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A watering hole for urban warriors

Text, photos and video by VINCENT GO

BEING at Fred’s Revolucion is like going back to a time when the cold war was raging and revolutions were the in thing. It calls to mind a scene from the 1960s movie “M.A.S.H.” whose battle-weary soldiers guzzled up after a hectic day on the war front.

Only this time, the arena is the concrete jungle, and Fred’s customers are modern-day warriors who battle stressful workdays and maddening traffic, among other problems.

Fred’s Revolucion is owned by photojournalist Jose “Derek” Soriano who has covered his fair share of wars, activist Red Constantino who waged wars of his own, and their friend, business news editor Gina Abuyuan. Coincidentally, all three happen to have a grandfather named Fred, hence the restaurant’s name.

When the owners are behind the counter, a friendly Labrador named Gizzard welcomes customers and hangs out with them.

Fred’s chef is Soriano, who finds cooking more satisfying and rewarding than engaging in the current local political and media scene, and whose style of cooking is influenced by his numerous travels on assignment in different parts of the world.

Describing Fred’s cuisine, Abuyuan said, “Our food is cooked more for the taste, rather than the health.”

At Fred’s, customers chill and enjoy brews and food that don’t burn a hole in the pocket. Crowd favorites include dishes like the Split Banger and Mash, sausage that is sliced and served on top of mashed potatoes and gravy. Fred’s has its version of Fish and Chips—fish fillet and fries infused with crispy dilis. Bagnet Blachan is deep fried pork served with spicy bagoong dressing.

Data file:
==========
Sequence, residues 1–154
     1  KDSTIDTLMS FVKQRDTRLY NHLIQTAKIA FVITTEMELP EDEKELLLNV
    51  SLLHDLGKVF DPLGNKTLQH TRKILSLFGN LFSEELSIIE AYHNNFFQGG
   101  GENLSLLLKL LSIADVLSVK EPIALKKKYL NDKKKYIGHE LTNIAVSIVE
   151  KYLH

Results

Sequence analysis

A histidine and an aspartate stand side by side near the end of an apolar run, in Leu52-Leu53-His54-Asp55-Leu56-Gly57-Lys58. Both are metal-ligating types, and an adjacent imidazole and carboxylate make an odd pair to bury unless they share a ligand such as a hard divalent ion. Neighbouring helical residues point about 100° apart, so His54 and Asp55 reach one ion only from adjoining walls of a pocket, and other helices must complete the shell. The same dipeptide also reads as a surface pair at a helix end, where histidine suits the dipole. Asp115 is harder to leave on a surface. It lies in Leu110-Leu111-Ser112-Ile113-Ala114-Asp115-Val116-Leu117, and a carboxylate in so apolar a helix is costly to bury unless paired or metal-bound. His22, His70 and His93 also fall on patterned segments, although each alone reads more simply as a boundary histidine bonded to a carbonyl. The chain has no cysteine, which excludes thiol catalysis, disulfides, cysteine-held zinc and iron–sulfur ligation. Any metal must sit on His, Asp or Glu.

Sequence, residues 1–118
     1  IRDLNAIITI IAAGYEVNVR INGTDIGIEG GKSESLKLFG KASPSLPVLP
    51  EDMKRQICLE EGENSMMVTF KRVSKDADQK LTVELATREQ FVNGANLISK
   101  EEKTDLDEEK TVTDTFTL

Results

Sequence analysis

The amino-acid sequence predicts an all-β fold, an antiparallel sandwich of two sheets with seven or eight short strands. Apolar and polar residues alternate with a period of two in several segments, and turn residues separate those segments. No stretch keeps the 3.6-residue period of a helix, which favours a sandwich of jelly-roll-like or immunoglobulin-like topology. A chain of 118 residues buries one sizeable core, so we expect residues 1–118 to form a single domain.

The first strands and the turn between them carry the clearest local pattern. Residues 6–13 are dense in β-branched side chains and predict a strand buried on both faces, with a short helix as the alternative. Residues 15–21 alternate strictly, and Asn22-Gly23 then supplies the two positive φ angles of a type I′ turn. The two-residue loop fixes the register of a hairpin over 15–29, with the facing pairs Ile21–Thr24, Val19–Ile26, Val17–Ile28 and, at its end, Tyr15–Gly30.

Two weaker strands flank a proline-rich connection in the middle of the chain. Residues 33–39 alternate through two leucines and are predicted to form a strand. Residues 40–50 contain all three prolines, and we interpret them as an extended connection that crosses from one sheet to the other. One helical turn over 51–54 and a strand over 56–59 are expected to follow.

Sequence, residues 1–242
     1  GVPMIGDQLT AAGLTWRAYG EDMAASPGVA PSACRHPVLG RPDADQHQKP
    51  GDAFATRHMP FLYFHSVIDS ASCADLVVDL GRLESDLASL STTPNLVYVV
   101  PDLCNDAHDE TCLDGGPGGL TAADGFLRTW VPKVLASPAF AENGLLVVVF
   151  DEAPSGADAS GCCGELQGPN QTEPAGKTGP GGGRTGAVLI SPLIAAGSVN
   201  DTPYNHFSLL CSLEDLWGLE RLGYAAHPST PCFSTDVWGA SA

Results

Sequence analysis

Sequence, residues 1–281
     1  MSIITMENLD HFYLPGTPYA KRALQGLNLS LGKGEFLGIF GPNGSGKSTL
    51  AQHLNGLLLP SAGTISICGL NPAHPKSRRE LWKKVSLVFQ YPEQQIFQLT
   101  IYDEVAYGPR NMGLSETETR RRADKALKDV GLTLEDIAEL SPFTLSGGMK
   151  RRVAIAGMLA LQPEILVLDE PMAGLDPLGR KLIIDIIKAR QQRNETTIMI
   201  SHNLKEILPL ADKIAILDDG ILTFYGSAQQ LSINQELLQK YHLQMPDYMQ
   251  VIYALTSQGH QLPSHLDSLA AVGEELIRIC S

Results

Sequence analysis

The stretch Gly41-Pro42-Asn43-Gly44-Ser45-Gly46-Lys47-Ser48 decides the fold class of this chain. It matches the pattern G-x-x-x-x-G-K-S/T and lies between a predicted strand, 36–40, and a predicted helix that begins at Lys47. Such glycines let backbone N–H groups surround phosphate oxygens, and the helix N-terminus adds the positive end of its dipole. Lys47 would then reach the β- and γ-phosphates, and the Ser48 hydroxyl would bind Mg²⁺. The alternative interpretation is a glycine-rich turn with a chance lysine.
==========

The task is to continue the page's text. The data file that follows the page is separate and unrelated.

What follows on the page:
Fred’s also has weekly specials like the Chicken Chop on Mash, Chili Garlic Ribs, Smoked Boar and Salsa, Ho Chi Wings and the delicious but sinful Tres Amigos that could put the weak-hearted on the emergency room list.

Opened in August of 2011, Fred’s is one of the more popular establishments at Cubao X, the arcade that used to house the Marikina Shoe Expo. Fred’s has become a favorite hangout of artists, photographers, writers and other wacky characters this part of town.

“I like the crowd, the laid back atmosphere with the right amount of ambiance,”
said Wing, one Fred’s habitués.

Customers who have grown fond of the place have started pinning memorabilia on the wall such as old photos, currencies from around the world, posters, flags, hats, shirts, and the like.

Fred’s has also played host to the works of the country’s best photographers like Geric Cruz, Rick Rocamora, and Soriano himself.

Currently on display is the work of Gil Nartea, close-in photographer of President Beningo Simeon Aquino III. Nartea’s exhibit is called “Sa Tagumpay ng Rebolusyon,” a collection of his early works documenting the communist movement in the country.

Fred’s Revolucion is located at Shop 66 in Cubao X at the Araneta Center in Quezon City. The area is quiet during the day with only several galleries and old memorabilia shops open.

It starts to come alive around sunset and could get jam-packed during weekends. For those who want to be pampered, Fred’s on weekends won’t be your cup of tea—it’s for the city-weary who don’t mind not being waited on, and simply seek a respite from the urban war zone.

Habitues of Fred's Revolucion